In essence, Hammurabi's Babylon can receive a grand total of 6 free Envoys over the course of the game, when he builds the first Aqueduct, Dam, Neighborhood, Canal, Spaceport and Government Plaza. By no means this ability is enough to push Babylon toward a Diplomatic Victory, as earning only 6 extra Envoys over the entire course of the game is quite underwhelming. You should invest in militaristic city-states in the early game, as they help you build your expensive army, especially if those city-states help you directly in war, like Lahore or Akkad. Later, you should invest in cultural city-states or industrial city-states. Industrial ones are hit-or-miss, some are awesome, some are just purely awful, but cultural city-states are generally powerful, with only Vilnius and Mohenjo-Daro being either terrible or extremely situational.
Overall, Hammurabi's ability phases out of relevance pretty quickly, and it only feels impactful when you build these Districts in the early game, when you already have a lot of priorities you need to sort out first. A free building in Ancient/Classical Era feels great, but a free building in Medieval onward is just underwhelming, it all depends on how early you can get your infrastructure up, which makes Babylon's decision-making in the early game even harder than it already is.
Palgum[edit | edit source]
The Palgum is a very nice upgrade to the rather underwhelming and underused Water Mill. Beside the 1 extra Housing and Production compared to the Water Mill, the Palgum provides 1 Food to all tiles next to a source of Fresh Water, including rivers, lakes and oases. The efficacy of this building is no longer heavily tied to random map generation like the Water Mill, since now you can seek out locations on a river where there are many Fresh Water sources, and grow your cities incredibly quickly. And don't underestimate the Production bonus, either. Extra 2 Production is huge in the Ancient Era, especially for a building that does not require another District slot. For comparison, the Workshop, a Medieval Era building, also provides 2 Production in Vanilla and Rise and Fall, while being almost 2.5 times as expensive as the Palgum and requiring the Industrial Zone.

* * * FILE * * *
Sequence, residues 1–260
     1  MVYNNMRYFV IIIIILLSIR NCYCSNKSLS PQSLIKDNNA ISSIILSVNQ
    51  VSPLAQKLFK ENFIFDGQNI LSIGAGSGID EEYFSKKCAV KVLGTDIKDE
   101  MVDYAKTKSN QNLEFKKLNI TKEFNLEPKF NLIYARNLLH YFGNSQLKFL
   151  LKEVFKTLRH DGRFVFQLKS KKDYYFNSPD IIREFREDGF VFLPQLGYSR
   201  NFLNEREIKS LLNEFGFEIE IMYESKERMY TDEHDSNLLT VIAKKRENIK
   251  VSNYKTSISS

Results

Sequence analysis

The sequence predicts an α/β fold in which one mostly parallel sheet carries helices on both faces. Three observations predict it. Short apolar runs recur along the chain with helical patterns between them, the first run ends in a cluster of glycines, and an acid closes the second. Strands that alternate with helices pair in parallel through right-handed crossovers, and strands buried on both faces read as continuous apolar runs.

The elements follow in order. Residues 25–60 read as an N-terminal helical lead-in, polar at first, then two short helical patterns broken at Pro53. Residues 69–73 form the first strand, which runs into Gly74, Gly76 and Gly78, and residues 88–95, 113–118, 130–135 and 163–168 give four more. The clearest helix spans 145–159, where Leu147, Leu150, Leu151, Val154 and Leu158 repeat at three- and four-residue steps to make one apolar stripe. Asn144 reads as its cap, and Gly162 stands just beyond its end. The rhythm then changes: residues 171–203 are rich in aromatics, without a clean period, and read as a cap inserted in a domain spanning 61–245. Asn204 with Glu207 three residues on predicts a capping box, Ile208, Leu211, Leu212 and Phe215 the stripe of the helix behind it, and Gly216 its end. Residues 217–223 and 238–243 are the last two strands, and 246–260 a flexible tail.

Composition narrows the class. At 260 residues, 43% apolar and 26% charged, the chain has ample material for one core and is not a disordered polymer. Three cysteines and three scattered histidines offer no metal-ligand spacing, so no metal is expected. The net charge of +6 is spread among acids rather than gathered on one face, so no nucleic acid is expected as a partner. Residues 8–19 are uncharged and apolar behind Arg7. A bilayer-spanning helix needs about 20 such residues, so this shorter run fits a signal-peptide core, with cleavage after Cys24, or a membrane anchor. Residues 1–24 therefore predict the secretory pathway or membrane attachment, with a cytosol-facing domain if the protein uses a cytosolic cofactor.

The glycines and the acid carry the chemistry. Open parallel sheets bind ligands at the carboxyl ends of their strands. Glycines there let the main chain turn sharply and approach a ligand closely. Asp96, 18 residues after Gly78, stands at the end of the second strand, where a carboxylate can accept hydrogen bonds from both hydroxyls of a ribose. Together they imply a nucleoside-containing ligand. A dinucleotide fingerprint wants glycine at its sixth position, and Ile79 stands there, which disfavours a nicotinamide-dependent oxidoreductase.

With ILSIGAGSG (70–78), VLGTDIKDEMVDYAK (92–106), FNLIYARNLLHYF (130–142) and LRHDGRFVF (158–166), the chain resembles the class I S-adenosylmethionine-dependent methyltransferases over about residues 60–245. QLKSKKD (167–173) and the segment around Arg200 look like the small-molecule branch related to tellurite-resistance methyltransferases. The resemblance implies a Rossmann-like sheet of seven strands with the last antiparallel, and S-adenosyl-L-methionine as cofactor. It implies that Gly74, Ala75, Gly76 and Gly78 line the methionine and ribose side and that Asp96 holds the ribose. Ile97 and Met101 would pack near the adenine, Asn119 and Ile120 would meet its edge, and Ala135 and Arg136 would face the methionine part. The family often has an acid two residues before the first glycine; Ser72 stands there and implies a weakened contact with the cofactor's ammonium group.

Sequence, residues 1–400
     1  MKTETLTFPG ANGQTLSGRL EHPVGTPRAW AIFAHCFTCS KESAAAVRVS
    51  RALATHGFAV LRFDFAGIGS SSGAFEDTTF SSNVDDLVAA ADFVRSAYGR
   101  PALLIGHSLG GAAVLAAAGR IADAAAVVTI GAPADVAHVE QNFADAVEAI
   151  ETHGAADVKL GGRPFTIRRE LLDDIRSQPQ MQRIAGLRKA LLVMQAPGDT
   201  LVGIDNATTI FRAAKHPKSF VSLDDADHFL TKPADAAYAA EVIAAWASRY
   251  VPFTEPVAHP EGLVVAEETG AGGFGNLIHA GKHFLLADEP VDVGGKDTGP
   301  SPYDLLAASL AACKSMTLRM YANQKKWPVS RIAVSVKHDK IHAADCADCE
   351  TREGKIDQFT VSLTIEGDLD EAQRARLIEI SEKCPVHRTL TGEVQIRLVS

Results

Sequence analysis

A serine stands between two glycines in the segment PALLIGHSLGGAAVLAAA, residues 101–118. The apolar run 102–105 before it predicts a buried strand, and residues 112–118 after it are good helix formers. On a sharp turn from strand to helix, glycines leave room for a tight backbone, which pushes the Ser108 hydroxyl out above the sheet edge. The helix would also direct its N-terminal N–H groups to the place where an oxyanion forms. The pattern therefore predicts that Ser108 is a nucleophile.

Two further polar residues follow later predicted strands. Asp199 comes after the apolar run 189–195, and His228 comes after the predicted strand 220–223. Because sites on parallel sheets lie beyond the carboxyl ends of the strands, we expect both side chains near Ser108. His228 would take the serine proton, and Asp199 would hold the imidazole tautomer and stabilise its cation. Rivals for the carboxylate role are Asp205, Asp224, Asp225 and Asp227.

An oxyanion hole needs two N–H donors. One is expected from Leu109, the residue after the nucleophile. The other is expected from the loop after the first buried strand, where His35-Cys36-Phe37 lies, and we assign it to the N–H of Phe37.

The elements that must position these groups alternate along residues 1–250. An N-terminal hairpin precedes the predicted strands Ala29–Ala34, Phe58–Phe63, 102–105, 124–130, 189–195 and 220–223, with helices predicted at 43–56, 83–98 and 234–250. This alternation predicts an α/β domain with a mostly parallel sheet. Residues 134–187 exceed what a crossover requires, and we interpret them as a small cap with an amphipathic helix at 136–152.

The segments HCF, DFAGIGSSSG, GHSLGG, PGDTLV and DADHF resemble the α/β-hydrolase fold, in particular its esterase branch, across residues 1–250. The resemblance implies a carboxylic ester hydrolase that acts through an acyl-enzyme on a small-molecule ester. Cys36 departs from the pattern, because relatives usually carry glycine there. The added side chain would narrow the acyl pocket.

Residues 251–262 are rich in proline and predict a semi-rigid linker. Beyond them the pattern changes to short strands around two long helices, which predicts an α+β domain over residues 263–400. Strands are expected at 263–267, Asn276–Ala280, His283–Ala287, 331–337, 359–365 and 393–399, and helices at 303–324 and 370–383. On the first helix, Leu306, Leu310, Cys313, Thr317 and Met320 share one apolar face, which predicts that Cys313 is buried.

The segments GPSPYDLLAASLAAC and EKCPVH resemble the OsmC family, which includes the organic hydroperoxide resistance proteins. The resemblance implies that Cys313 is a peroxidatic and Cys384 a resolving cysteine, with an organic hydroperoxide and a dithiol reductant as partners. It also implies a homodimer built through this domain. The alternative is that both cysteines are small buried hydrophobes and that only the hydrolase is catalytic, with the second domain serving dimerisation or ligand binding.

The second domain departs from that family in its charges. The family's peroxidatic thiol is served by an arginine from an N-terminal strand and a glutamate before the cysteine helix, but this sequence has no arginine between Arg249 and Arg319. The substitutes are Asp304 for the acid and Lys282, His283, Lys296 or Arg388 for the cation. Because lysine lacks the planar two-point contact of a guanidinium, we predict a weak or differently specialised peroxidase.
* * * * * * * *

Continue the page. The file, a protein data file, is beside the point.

Also, the Palgum is only one of the two City Center unique buildings, meaning it is not dependent on a specific type of District and can be built everywhere, as long as the city satisfies one very simple placement requirement. The Valletta city-state, therefore, has a powerful synergy with Babylon, since it allows them to instantly purchase the Palgum with Faith, making it easier for new cities to grow immediately after settling.
It is worth noting that the Palgum is unlocked with Irrigation rather than the Wheel like normal. For most civilizations, this is barely a distinction, but because of the way Babylon's ability interacts with technology it ends up being unlocked much sooner, since you will nearly always spawn next to and prioritize improving Wheat, Rice, and Maize. Considering Babylon's outstandingly low Science per turn and the fact that they can easily catch up with their civilization ability, they are not under pressure of having to settle almost immediately after the game starts. Indeed, they can wander around for the first few turns looking for an ideal spot with a Farm-able resource to instantaneously unlock Irrigation and get their unique building up and running in no time. It is actually quite viable to start training a Builder to put down a Farm on a resource, then move on to build the Palgum immediately, so that your Capital will receive this huge boost of Food and Production; however, by doing so, you will have to forgo early exploration.
Sabum Kibittum[edit | edit source]
The Sabum Kibittum is an interesting unique unit. The stat that may jump out at you is its disappointing 17 Combat Strength - 3 less than the Warrior, which it does not replace, and less than any unit in the game with the exception of the Scout. However, it has some things going for it. First of all, it has 3 Movement - more than any melee unit all the way until the Atomic Era - as well as a Sight radius of 3. This makes it as effective, and slightly more survivable, than the Scout; additionally, it has the standard melee +10 Combat Strength bonus against anti-cavalry units, which makes it more effective at clearing Barbarian outposts than, say, the Okihtcitaw. Babylon especially wants to scout, and be on the lookout to claim as many Tribal Villages as possible to pick up some early Eurekas. Finally, it has a whopping +17 Combat Strength bonus against all cavalry units, whether light or heavy. While not especially suited for conquest by itself, the combination of its unique traits makes the Sabum Kibittum an excellent defense against cavalry, even more so than the underpowered Spearman. Its bonus makes it almost as strong against cavalry, it is not only cheaper but available earlier as well, and its greater Movement allays the main flaw with anti-cavalry units: the inability to catch up with the cavalry it's meant to defend against. It could perhaps supplement an invasion and deal with pesky cavalry harassing your main army of Warriors and Archers, or use its Movement to snipe an irritating ranged unit.
Thanks to the reconnaissance prowess of this unit, there is virtually no reason for Babylon to build Scouts. At only 5 extra Production, you have a maneuverable unit that can clear Barbarians quickly and can even be used effectively in combat. Also, because of its classification as a melee unit, its relevancy can be prolonged into later eras. Overall, the Sabum Kibittum is just a better unit - and a far more worthwhile long-term investment - than the Scout. Not to mention, there is not a single technology in the game whose Eureka has to be triggered with a recon unit.